Briefing memo on cervical audits ‘devastating’, ‘damning’

Documents given to members during dramatic six-hour committee hearing

Departing HSE chief Tony O’ Brien. File photograph: Gareth Chaney/Collins

Departing HSE chief Tony O’ Brien. File photograph: Gareth Chaney/Collins

 

Memos provided to the departing head of the HSE on the background to the cervical screening audits are “devastating” and show that a strategy of containment and suppression of information was at play, members of the Dáil Public Accounts Committee have maintained.

Members of the committee were shown three briefing documents during the course of a dramatic six-hour hearing into the cervical cancer screening controversy on Thursday.

Departing HSE chief Tony O’Brien revealed under questioning from Independent TD Catherine Connolly that he had received a briefing in March or April 2016 regarding audits of smear tests from women who had availed of the cervical screening programme and who had subsequently developed cervical cancer.

He said he had become aware from the briefing note that such audits had been completed.

Communication process

He said he had been informed that “a communication process was about to ensue by which the results of this audit would be communicated to patients”.

He said the briefing note was provided to him by the national director for health and wellbeing in the HSE, Stephanie O’Keeffe.

Mr O’Brien said the briefing document had set out a very clear communication plan and that he had not been made aware subsequently that anything had gone wrong with the implementation of this plan.

“What were to be communicated were the individual results of audits against notified cancers in persons who had previously availed of the screening programme,” he said.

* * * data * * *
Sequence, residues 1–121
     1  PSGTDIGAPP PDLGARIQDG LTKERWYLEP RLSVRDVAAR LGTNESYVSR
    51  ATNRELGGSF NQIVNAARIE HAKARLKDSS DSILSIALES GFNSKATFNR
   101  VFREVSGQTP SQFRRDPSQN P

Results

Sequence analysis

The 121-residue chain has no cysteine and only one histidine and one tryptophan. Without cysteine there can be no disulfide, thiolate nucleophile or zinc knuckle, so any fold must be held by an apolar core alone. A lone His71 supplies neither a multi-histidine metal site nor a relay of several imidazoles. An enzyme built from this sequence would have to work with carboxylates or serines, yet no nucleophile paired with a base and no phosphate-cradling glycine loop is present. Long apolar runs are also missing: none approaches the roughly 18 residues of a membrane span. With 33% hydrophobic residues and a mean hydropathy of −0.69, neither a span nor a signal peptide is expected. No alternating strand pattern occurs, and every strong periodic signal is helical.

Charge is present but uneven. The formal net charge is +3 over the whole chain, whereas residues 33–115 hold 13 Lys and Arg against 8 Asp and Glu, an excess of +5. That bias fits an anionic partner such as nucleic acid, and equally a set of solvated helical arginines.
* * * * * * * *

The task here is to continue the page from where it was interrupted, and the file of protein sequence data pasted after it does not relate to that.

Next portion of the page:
Mr O’Brien said he was not given details on the numbers of women to be told of the results of their audits.

“I was advised that the audit had not thrown up significant issues of concern about the quality assurance of the programme and there was to be a carefully planned process of communications.”

Mr O’Brien suggested that the briefing material may have been shared with the Department of Health. He said he would provide a copy of the briefing note he received to the committee.

Several hours later, committee members were given copies of three memos which had been given to Mr O’Brien between March and July 2016.

After reading the briefing notes, the acting chairman of the Public Accounts Committee Alan Kelly (Labour) said the documents were “devastating” and “quite damning” because of the tone and manner in which they were written.

“This is not what I was expecting to read this morning. I was expecting to read a communications strategy in place to actually communicate with those affected, the women. This was a strategy to ensure the HSE, the corporate brand, is being protected, and to ensure that within the political/health family that there were communication processes in place with clinicians,” he said.

‘Protect ourselves at all costs’

Marc MacSharry of Fianna Fáil said the memos displayed a strategy of “containment, bury, suppress and protect ourselves at all cost”.

He said the contents of the memos were a disgrace. He again called on Mr O’Brien to resign.

“Quite frankly it is an indictment of the Minister for Health, the Taoiseach and the secretary-general of the Department of Health, and the director-general. It is a disgrace. We need action from so called leaders, when all they are are commentators.”

The secretary-general of the Department of Health, Jim Breslin, said a search was under way for documentation it may have received.

The department’s chief medical officer Dr Tony Holohan said he could not say whether he had seen the memos. However, he said they contained language he would not have used.